With only four novels published during her short life and two posthumously, her popularity continued to grow through the decades of the nineteenth century.  It was only a matter of time before her family allowed publication of her juvenilia: a set of three volumes of her youthful writings. Composed c. 1787-1792, Austen’s Juvenilia consists of twenty seven items—sketches, parodies & short stories of comical, nonsensical, outrageous and sometimes dark imaginings by a writer in the making—all engaging amusements written for her family and friends. Continue reading

Your Invitation to Mansfield Park

Today in the 200th anniversary of the publication of Mansfield Park, Jane Austen’s third novel. Janeite and Austen scholar Sarah Emsley is organizing “An Invitation to Mansfield Park”, a blog event in honor of the bicentenary. Please join the celebration over the next few months with essays on the novel by many eminent Austen scholars and just plain Janeites like me.

Many thanks to Sarah for organizing this event. The line-up of writers is amazing an I am all anticipation to party like it’s 1814.

Cheers,

Laurel Ann

 

Sarah Emsley

Mansfield Park You’re invited to a conversation about Jane Austen’s Mansfield Park !

When: from May 9 to December 31, 2014

Where: right here at sarahemsley.com

I really hope you’ll join us in celebrating 200 years of Austen’s masterpiece. More than forty wonderful people are writing guest posts about Mansfield Park for my blog this year, and I hope you’ll all participate in the discussion in the comments. With exactly one month to go before the 200th anniversary of the novel’s publication, the countdown is on!

An Invitation to Mansfield Park

The party begins on Friday, May 9th, with Lyn Bennett’s thoughts on the first paragraph, followed in the next few weeks by Judith Thompson on Mrs. Norris and adoption, Jennie Duke on Fanny Price at age ten (“though there might not be much in her first appearance to captivate, there was, at least, nothing to disgust her relations”), Cheryl Kinney on Tom Bertram’s assessment of Dr. Grant’s health (“he…

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I have something in hand…” ~ The Publishing of Jane Austen’s Mansfield Park

Countdown to the 200th birthday of the publication of Mansfield Park begins. We will be celebrating on May 9th with the Janeite universe. Many thanks to Deb Barnum of Jane Austen in Vermont Blog for this excellent blog on MP publication history!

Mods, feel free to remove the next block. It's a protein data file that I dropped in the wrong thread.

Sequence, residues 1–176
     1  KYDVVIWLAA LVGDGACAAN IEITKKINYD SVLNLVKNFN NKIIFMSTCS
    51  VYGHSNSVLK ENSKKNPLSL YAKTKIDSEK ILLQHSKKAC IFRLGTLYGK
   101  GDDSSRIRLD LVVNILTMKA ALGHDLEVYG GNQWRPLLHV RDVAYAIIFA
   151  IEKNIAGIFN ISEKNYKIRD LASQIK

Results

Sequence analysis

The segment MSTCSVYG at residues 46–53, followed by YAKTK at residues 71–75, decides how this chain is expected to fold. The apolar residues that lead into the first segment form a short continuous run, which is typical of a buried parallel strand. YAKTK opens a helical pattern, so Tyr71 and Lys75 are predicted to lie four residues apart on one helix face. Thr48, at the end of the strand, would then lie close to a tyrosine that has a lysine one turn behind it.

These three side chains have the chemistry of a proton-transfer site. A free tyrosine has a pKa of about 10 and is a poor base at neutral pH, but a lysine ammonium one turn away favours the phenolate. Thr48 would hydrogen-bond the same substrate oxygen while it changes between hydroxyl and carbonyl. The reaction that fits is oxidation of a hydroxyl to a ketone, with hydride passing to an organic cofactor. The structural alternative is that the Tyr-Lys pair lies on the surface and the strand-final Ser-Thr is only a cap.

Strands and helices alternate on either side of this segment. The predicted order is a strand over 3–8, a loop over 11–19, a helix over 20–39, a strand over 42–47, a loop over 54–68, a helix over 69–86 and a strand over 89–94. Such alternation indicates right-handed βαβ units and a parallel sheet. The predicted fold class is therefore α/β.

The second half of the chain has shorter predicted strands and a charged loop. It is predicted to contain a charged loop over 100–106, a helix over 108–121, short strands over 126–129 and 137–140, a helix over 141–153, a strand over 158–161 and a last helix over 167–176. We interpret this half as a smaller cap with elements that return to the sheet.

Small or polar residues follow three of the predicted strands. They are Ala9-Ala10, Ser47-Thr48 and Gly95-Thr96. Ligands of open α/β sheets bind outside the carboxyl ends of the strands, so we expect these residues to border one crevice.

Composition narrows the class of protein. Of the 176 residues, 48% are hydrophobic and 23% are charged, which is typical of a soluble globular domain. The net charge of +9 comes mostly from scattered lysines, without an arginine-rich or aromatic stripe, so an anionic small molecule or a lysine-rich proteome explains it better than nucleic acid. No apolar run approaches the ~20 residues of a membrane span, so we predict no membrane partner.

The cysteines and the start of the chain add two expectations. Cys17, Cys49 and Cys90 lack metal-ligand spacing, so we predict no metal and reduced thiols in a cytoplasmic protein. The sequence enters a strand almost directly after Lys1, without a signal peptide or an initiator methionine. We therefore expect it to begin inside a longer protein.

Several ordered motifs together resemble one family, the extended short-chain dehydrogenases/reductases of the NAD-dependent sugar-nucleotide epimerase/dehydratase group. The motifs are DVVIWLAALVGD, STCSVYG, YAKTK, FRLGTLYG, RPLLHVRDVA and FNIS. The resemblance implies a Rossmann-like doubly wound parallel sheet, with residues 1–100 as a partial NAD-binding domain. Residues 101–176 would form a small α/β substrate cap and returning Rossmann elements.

Cheers,

Laurel Ann

Jane Austen in Vermont

MP-vintagecover

I have something in hand – which I hope on the credit of P. & P. will sell well, tho’ not half so entertaining.(Ltr.  86: 3 – 6 July 1813, to Capt. Francis Austen)

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Dear Gentle Readers: This history of the publishing of Mansfield Park serves as an introduction to Sarah Emsley’s seriesAn Invitation to Mansfield Park,” which will begin on May 9th on her blog. As we celebrate this bicentenary of Austen’s third novel, published in May 1814, it seems only right to begin at the beginning, from when Austen first makes mention of Mansfield Park in her letters and its subsequent road to publication, to the later printings and early illustrated works. I am posting it here because of its length and number of illustrations – and Sarah will be re-blogging it immediately. Please continue to visit her blog for the interesting posts she…

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Happy 201st Birthday Pride and Prejudice

Pride and Prejudice Brock illustrationYou must allow me to tell you how ardently I admire and love you.” – Mr. Darcy, Pride and Prejudice, Ch 34

Today we celebrate another anniversary of the publication of Pride and Prejudice on 28 January 1813 in London. It’s hard to top last year’s incredible, world-wide, over the top festivities, elevating Jane Austen and her most popular novel to mega-media darlings of 2013. Who will ever forget the giant statue of Colin Firth as Mr. Darcy rising dripping wet from The Serpentine Lake in Hyde Park, or the announcement that Jane Austen would be featured on the UK £10.00 pound note in 2017?